Consumer Reports: BMW & Harley-Davidson Motorcycles Are Less Reliable than Japanese o

Discussion in 'The Perfect Line and Other Riding Myths' started by ta-rider, Sep 28, 2013.

  1. atomicalex

    atomicalex silly aluminum boxes

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    If I'd been doing my own maintenance, I wouldn't have needed a new engine.

    I'm a long-time VW owner, therefore generally disqualified from discussions about reliability..... :1drink
    #61
  2. windmill

    windmill Long timer

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    Perseverance of an enthusiast?

    High mileage on a bike is all about the rider. People buy HD, BMW, European for different reasons than others buy UJM. When summer ends and the weather turns bad, the remaining bikes are an eclectic mix of everything, its the riders not the bikes.

    At 85,000 my 07 Ural has has more mileage on it than your typical UJM, my 01 V-Star has 1/4 the mileage. I purchased both new. There is no doubt the Yamaha is the better bike, but the Ural fuels my passion.

    Metric cruisers Vs, HD is the perfect example.
    The metrics have the style down pat now, their engineering has so surpassed HD that they need to use fake covers to hide the superior engineering and make them look more primitive, they do everything so well and smoothly within their limitations they are almost sterile.
    Metrics may be "superior", but they lack some of the endearing characteristics that make them engaging to enthusiasts as sales numbers show.

    Harley's are like a good, well trained dog, a companion.
    Metrics are like a dedicated, motivated assistant, a means to an end.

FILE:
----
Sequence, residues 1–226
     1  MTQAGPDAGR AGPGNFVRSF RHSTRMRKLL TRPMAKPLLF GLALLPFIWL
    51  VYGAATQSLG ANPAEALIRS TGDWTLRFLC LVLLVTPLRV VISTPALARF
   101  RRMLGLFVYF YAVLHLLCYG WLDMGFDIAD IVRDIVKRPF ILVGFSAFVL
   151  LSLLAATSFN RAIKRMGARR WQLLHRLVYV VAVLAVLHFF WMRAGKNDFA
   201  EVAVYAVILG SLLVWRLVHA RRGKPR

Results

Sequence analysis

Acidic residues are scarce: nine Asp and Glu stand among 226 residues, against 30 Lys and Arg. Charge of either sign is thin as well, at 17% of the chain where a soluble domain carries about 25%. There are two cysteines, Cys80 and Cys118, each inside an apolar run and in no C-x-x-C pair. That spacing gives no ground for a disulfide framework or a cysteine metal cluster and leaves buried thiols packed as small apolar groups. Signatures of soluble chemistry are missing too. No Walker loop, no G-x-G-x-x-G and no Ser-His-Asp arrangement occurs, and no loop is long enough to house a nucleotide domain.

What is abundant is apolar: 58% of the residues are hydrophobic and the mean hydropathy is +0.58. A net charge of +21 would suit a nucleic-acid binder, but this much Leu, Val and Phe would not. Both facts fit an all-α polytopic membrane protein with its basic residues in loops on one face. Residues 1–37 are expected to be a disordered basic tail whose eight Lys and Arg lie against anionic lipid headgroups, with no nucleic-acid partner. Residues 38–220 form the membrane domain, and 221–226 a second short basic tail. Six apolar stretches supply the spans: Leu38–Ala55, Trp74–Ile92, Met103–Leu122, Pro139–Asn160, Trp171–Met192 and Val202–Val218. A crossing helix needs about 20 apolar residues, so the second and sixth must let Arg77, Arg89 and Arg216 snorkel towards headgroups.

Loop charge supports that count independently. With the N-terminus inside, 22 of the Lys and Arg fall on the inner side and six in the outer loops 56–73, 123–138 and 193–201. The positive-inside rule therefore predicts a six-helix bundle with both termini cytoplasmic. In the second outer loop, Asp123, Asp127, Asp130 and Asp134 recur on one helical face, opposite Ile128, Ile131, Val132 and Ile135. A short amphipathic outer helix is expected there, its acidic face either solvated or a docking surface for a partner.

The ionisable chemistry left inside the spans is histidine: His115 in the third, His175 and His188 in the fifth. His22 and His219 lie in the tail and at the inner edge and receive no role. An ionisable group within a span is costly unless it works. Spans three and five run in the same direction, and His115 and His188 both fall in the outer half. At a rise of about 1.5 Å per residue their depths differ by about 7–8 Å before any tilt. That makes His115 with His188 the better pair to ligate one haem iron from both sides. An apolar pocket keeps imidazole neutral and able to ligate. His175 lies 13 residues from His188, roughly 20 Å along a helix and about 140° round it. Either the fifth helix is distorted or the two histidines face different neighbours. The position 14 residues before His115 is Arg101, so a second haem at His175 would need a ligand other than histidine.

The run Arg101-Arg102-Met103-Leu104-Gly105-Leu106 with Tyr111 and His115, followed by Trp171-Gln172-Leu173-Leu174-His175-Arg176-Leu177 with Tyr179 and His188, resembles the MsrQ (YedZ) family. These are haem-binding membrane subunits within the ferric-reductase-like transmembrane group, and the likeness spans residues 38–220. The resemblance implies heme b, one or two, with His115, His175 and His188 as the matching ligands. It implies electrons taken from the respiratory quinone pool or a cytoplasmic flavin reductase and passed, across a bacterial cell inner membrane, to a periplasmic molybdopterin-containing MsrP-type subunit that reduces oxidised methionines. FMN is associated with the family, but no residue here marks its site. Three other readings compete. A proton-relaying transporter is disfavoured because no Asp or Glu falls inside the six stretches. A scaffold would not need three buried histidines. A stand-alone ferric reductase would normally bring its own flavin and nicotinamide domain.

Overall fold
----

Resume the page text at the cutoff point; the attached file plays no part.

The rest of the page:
A dog is a friend, a member of the family that you love, and you forgive its faults.
    An assistant is an employee, if they start messing up, you fire them and get a new one.

    A "reliable" bike has little value if you don't ride it because its boring. A bike with "character" has little value if you dont ride it because its annoying.

    Edit,
    I don't mean to imply Harleys are in any way inferior, they are just built with a different philosophy, no need to break out the pitchforks and torches..
    #62
  3. MiteyF

    MiteyF Long timer

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    Quick, look up! Right above you!

    Shit, it's gone already :lol3
    #63
  4. JimVonBaden

    JimVonBaden "Cool" Aid!

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    You must have failed that class!:deal

    Jim :brow
    #64
  5. mrphotoman

    mrphotoman Long timer

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    LMAO you harley owners keep telling yourselves that :lol3

    a bike that breaks down and is primitive has "character" :rofl